The Teen Who Changed Lives of Kids with Cancer Before He Died of Leukemia

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Nick Konkler, a high schooler from Seattle, was one of those students who would rather spend his free time taking wood shop class and get his hands dirty as he learns than play computer games.

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So when he noticed a little girl having a hard time with her IV pole at Mary Bridge Children’s Hospital, Nick realized he had to do something that will make things for her and all other cancer-stricken kids a little less hard.

Being a cancer patient himself since he was 4, Nick knows how hard it is for these young brave souls to walk with their polls all day, so he decided to build what he called the “lily pads.” Lily pads are a skater-like device that has a certain platform where a child could sit on as their IV poles are pushed.

When he made the pads, Nick was hoping that it would make moving around the hospital easier for the innocent children.

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Nick initially planned to make one pad for each kid at the hospital, but the young man never got the chance to make it happen as he died in February last year at the age of 17. Nick has long been stuck in a battle against leukemia and brain tumor.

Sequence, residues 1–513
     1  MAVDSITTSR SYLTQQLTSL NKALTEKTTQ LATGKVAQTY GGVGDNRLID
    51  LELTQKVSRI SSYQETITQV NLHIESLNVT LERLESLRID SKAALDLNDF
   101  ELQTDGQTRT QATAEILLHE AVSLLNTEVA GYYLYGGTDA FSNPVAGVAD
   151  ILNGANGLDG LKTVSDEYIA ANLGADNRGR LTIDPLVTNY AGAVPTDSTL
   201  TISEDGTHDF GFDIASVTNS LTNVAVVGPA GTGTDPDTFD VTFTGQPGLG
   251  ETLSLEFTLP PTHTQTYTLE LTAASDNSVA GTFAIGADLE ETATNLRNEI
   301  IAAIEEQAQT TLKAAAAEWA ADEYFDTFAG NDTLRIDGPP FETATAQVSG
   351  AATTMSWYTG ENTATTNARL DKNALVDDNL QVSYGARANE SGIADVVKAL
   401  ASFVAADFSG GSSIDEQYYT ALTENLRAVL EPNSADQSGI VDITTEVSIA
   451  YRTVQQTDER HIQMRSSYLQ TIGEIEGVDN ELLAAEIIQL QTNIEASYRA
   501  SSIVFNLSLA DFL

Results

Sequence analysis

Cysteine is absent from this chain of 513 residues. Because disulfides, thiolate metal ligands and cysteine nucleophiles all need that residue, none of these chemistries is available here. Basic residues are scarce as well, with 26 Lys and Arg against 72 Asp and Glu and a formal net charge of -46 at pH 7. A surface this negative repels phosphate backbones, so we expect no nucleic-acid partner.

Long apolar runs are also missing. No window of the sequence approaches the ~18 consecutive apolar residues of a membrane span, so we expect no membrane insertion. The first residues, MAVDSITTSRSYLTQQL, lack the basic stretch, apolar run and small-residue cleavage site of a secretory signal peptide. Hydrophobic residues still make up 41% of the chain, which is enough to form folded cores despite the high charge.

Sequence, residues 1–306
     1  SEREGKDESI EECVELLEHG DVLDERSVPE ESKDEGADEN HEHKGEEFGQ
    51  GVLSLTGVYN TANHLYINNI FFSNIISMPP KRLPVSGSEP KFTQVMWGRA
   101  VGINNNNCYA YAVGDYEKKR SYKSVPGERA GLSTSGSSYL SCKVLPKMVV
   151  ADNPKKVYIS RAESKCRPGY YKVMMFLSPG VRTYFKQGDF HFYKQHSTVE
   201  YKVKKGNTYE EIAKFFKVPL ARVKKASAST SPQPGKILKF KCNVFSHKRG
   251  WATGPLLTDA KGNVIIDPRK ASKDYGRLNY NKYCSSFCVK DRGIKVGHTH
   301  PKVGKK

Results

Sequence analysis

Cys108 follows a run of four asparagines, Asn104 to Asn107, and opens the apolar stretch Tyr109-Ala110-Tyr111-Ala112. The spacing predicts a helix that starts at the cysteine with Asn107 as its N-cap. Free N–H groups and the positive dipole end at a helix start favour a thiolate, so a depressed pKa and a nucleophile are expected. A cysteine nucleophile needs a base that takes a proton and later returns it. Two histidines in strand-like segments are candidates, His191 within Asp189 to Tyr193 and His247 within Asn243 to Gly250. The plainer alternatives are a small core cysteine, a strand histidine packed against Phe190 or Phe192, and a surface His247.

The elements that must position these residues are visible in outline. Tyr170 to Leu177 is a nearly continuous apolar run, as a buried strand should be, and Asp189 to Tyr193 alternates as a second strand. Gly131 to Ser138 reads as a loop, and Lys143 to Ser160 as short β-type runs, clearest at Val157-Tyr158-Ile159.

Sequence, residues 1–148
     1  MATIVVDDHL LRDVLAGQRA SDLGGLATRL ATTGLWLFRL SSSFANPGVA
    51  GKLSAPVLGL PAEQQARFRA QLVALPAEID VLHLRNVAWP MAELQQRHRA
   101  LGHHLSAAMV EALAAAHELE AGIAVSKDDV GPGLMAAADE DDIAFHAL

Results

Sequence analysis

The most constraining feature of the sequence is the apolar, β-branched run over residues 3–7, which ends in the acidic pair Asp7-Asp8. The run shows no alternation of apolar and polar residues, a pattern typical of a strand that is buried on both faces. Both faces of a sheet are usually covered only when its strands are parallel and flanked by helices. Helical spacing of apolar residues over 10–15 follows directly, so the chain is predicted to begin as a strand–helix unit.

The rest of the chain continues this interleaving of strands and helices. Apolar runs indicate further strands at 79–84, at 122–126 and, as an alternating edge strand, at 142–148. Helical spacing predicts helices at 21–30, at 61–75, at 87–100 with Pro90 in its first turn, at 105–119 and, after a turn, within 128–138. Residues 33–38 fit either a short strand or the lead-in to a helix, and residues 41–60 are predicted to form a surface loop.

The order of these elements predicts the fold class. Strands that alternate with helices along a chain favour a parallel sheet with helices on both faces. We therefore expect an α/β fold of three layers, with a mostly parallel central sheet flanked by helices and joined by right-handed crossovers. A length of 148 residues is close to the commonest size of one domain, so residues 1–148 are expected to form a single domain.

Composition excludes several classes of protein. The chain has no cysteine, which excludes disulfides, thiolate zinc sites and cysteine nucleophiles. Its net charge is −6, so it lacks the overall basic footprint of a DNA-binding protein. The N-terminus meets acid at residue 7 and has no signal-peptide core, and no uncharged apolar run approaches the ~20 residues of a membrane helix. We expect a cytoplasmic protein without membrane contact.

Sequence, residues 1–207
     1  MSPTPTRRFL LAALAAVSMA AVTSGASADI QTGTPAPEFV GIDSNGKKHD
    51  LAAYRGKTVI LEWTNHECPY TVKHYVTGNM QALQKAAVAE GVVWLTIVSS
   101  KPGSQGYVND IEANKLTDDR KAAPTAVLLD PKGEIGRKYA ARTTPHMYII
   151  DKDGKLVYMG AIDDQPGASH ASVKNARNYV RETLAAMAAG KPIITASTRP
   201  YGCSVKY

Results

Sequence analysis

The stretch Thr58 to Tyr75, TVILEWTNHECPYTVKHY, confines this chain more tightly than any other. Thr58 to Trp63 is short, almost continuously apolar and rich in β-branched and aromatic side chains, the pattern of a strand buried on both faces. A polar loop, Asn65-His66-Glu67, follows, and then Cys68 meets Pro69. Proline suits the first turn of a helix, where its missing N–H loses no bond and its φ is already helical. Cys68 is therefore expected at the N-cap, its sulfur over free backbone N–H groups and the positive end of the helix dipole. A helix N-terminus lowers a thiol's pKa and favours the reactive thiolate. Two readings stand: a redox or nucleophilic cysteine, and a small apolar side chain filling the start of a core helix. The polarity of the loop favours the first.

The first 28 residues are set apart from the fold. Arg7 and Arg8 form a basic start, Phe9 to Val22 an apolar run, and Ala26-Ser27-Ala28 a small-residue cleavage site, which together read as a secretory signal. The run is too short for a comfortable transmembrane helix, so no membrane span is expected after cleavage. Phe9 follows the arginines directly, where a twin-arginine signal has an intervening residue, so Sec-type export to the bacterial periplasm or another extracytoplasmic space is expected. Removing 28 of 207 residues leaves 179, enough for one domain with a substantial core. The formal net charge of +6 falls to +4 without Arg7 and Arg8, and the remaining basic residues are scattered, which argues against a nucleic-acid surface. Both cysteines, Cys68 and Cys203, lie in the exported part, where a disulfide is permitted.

Classmates and friends of Nick at Auburn Riverside High School are witnesses to the simple selfless acts of Nick. A friend of his said, “No matter what he was doing he always had a smile on his face, always helping people, always looking out for others. And even when it was the hardest time for him and other people could tell, he would always make time for other people.”

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To pay tribute to Nick, the whole Auburn Riverside school gathered to finish the project the kindhearted lad wasn’t able to finish. They painted all the lily pads and delivered them to Mary Bridge Children’s Hospital.

Christina Konkler, Nick’s mom, said, “I think it’s fun to see the kids ride them, because that’s what he would have wanted. He would have wanted to see all the kids, you know, out of bed walking or riding the lily pad.”

“It just, it makes me so proud of Nick and who he was,” his dad, Vince, continued.

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